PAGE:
there were those who looked upon the presents as
superfluous, but presumably they were either sour old
bachelors or hypocrites. When young Brown leads to
the altar the lovely Miss Smith, a " friend of the
family " must be particularly ungenial and possibly
stingy who objects to sending a small cadeau iox the
good of the coming house. Many of us could say
that most of the charming objeis de virtu that adorn
our reception rooms would never have found their way
to their existing position had it not been for the kind
attention of our wedding guests. Who would buy the
clocks and the knick-knacks that are really so delight-
ful in the salon and the salle a manger in cold blood ?
John Leech years ago showed us the two wedding
gifts of a happy husband. On the first anniversary
of his marriage paterfamilias gave his wife a bouquet
and a bracelet, but a decade later the same gentleman
(now more a paterfamilias than ever) returned home
with a double perambulator and a large bundle of


asparagus. So it seems ungracious to grudge all the
charming presents that the nation collectively and
individually present to the bride and bridegroom
when there is a wedding in the Royal Family. I
have noticed that on these auspicious occasions
a few fussy philanthropists invariably suggest the
benefaction of some deserving institution as an appro-
priate method of helping the young couple to com-
mence housekeeping. This seems to me to be rather
a roundabout way of honouring the bride and bride-
groom, and appears to deserve the title of " charity
away from home." Wedding presents, as a rule, are
more numerous than select, and happy are the newly-
married who do not find themselves possessors of
dozens of silver card-cases and grosses of carriage-
clocks. But in the instance of a Royal wedding, when
everybody tells everybody else what they are going
to send, a greater choice of objects becomes possible.


A glance at the streets on the occasion of a Royal
wedding shows that stars and capital letters in gas-
pipe are in high favour with those who wish to illu-
minate. More elaborate designs in crystal are also
received with approbation. The old " Vauxhall oil
lamps " of our forefathers seem to have lost their
popularity, although in the shape of " fairy lights "


they appear as the survival of the fittest. Nowadays,
at times of general rejoicing, there seems to be a
general desire for a house-to-house illumination. Per-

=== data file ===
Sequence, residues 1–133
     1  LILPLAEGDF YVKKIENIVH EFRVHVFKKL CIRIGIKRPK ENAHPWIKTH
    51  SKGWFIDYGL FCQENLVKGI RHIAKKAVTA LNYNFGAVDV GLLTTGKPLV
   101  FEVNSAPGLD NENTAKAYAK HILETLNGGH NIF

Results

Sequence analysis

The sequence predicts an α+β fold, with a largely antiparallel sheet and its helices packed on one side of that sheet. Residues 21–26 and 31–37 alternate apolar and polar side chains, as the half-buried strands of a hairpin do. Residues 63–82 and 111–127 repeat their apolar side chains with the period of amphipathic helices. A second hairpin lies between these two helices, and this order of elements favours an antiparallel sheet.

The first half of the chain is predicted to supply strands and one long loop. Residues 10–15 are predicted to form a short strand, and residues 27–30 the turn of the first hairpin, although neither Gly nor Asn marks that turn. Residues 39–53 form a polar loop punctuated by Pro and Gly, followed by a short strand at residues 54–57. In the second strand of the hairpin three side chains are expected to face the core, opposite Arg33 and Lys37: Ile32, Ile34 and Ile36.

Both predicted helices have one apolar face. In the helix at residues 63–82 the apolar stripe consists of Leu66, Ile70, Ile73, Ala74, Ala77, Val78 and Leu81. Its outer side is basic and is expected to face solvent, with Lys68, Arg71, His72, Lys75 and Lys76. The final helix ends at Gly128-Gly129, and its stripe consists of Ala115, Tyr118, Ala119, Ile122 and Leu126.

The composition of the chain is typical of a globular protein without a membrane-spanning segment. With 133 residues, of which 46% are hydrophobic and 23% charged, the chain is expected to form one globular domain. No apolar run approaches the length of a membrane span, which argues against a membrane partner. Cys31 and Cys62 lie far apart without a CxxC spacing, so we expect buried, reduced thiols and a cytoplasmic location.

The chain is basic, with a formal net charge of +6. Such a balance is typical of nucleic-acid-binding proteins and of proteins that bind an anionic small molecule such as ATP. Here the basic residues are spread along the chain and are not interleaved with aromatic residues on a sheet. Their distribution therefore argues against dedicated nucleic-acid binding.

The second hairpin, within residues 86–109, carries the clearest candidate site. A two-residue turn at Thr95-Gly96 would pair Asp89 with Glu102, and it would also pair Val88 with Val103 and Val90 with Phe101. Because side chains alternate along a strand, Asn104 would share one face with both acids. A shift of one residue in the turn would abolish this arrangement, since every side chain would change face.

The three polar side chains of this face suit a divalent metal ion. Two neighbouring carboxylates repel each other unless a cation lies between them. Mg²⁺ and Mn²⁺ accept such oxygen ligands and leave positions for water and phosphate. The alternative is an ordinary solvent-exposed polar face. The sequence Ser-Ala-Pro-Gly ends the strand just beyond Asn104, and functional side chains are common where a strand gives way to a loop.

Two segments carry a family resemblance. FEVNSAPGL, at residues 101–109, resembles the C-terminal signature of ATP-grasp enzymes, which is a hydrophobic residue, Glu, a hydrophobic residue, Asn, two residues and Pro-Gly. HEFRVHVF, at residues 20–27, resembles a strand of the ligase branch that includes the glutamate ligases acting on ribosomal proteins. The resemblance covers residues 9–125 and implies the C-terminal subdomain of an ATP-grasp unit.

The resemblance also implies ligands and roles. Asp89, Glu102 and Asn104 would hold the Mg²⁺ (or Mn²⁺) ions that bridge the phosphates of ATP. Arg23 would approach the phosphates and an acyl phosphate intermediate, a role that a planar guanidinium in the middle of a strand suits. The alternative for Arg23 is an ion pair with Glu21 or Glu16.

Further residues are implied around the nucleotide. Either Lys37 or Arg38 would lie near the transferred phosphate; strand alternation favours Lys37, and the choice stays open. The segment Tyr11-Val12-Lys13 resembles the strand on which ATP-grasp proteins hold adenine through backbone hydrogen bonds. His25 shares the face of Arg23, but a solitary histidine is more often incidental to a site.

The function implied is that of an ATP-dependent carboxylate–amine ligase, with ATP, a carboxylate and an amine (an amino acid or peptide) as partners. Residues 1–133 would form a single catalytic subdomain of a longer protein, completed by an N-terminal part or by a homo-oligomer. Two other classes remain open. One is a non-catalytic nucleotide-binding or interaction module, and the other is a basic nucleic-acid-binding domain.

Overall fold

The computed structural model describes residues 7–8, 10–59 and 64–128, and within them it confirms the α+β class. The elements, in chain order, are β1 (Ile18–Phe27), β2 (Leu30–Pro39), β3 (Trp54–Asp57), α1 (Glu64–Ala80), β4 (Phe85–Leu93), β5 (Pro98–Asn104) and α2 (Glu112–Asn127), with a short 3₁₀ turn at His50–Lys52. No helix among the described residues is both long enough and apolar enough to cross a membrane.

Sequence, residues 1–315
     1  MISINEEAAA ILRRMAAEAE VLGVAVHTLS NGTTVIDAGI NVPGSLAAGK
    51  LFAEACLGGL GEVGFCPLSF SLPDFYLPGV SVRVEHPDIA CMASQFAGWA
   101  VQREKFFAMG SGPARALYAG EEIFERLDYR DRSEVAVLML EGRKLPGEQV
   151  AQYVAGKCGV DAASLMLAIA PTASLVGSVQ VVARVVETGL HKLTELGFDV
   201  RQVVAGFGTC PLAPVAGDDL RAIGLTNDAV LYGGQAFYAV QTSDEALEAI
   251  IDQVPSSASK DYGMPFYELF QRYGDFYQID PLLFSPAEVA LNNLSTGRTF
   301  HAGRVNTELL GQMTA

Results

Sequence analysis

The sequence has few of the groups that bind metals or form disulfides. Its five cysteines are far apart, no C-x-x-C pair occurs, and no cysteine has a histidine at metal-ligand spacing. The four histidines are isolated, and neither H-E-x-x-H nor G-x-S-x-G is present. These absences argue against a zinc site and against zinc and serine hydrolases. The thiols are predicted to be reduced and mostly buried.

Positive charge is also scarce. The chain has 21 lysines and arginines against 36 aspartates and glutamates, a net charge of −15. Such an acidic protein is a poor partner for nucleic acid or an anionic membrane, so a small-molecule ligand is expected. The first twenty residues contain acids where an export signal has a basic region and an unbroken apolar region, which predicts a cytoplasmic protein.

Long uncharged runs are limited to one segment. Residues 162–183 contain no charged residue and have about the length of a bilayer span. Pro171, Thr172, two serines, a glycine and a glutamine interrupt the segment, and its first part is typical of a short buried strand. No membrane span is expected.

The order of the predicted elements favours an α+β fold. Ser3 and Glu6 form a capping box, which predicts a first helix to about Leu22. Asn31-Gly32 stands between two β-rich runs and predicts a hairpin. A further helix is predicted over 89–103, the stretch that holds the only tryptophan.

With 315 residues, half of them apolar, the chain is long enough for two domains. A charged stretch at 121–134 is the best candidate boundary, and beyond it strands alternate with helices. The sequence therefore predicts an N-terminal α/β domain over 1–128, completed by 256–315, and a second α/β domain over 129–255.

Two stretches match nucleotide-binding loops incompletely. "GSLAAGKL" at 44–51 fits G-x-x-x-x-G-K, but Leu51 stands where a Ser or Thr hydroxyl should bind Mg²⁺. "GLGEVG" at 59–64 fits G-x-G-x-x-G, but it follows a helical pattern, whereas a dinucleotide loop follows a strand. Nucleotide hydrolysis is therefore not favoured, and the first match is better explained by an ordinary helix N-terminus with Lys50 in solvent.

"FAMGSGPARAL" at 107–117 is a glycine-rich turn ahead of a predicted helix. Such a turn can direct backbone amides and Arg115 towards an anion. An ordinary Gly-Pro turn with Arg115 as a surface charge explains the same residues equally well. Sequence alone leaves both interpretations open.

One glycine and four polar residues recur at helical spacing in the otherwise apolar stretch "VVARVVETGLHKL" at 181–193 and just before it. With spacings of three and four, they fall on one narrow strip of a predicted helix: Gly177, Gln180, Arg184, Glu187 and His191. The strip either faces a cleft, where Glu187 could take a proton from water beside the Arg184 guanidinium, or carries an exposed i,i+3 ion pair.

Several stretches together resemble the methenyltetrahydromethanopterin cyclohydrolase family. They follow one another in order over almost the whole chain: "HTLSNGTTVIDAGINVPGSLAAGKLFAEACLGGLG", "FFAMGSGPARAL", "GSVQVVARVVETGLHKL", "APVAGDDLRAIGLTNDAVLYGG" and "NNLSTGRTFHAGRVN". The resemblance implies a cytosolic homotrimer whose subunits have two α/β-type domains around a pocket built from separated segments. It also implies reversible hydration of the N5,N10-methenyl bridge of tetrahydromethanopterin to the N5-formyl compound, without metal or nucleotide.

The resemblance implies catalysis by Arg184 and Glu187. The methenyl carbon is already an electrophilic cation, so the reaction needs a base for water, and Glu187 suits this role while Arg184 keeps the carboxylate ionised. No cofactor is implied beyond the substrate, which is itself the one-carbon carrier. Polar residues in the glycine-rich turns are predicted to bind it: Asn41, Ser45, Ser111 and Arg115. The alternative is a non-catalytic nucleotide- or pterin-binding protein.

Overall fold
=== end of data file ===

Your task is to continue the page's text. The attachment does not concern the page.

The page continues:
haps I may be permitted to suggest what I believe
to be rather a novel form of decoration. I tried the
system with some success during the Jubilee, and pro-
voked a feeling of envy amongst my neighbours. The
plan has only one slight drawback — if you are not
careful you may burn your house down, and possibly
then find that the illumination is not " covered " by
your policy of insurance. However, given scrupulous
attention to details and decent good luck, and you
should avoid all danger and expense and create quite
a sensation.

My idea is this. Convert your mansion into a re-
production of those miniature chalk cathedrals that
look so well when their windows are " cut out " and
filled in with coloured glass and the whole lighted up
with a candle. All you have to do is to get a large
quantity of tissue paper. Say you select pink and
blue. Having procured your materials, fill up the por-
tico with strips of the paper, and cover over every
pane of glass with the same semi-opaque medium.
Then put candles in profusion behind the paper, and
the thing is done. In special celebration of Her
Majesty's Jubilee I tried a transparency, but I cannot
conscientiously declare that it was wholly a success.
I got a very large box and covered it over with thick


brown paper. Then I " let in " the words " Long
Live the Queen." I put a moderator lamp behind
the covering. For five minutes it was absolutely
charming. But with the sixth minute the thing burst
into flames, and for some moments it was a question
whether or no we should invoke the assistance of the
Fire Brigade of the L.C.C. Fortunately, the confla-
gration " burned itself out " without doing any serious
damage, and as everybody was looking at the illumi-
nations, we escaped a visit of the gentlemen in occupa-
tion of the salvage vans. This was distinctly a score,
as " salvage " is always an expensive matter.


In conclusion, the way to keep a wedding holiday
happily is to avoid dangerous crushes, oil lamps, and
boy assistants. If you want to be quite safe — if the
illumination is general— you can stay at home. You
may, under these circumstances, spend a cheerful even-

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Online LibraryArthur William À BeckettLondon at the end of the century : a book of gossip → online text (page 4 of 19)